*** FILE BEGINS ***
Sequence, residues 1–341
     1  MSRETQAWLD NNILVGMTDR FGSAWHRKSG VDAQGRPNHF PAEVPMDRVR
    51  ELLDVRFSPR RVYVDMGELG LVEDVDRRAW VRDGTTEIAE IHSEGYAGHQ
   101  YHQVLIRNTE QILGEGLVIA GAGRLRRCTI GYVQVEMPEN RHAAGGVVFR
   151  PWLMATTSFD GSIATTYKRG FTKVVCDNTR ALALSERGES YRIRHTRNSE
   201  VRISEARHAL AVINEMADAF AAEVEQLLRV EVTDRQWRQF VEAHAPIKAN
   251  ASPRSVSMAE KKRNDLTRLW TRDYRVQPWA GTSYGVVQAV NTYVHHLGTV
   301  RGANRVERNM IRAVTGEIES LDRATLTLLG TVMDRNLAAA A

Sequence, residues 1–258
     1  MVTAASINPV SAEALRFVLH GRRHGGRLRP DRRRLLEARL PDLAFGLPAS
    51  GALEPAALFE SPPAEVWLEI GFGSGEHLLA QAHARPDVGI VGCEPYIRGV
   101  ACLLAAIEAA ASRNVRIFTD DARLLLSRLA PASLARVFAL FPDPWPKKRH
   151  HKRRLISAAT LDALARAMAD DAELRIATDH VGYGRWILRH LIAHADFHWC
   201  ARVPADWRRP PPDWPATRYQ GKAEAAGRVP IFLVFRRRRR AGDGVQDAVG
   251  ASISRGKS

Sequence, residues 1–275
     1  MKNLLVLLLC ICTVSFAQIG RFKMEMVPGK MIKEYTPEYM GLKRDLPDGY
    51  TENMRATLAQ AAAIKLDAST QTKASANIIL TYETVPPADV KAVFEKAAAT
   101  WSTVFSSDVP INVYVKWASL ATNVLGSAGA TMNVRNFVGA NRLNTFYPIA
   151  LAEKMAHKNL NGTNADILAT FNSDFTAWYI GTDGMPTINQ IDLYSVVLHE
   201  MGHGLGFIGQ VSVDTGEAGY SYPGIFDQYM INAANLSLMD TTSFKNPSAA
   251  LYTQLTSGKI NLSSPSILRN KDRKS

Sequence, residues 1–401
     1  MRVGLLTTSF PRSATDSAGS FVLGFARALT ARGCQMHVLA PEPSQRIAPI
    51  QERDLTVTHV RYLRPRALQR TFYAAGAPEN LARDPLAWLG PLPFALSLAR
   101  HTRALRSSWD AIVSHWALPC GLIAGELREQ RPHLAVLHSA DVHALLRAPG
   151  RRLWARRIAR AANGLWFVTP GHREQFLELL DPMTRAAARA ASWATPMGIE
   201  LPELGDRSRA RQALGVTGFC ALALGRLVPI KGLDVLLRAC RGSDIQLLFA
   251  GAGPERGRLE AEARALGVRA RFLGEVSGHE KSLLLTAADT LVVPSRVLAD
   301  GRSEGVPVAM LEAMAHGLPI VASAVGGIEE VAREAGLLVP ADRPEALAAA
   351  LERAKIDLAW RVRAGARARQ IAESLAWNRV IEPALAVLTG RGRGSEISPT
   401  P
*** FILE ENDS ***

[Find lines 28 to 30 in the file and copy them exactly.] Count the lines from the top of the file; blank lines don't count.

   201  LPELGDRSRA RQALGVTGFC ALALGRLVPI KGLDVLLRAC RGSDIQLLFA
   251  GAGPERGRLE AEARALGVRA RFLGEVSGHE KSLLLTAADT LVVPSRVLAD
   301  GRSEGVPVAM LEAMAHGLPI VASAVGGIEE VAREAGLLVP ADRPEALAAA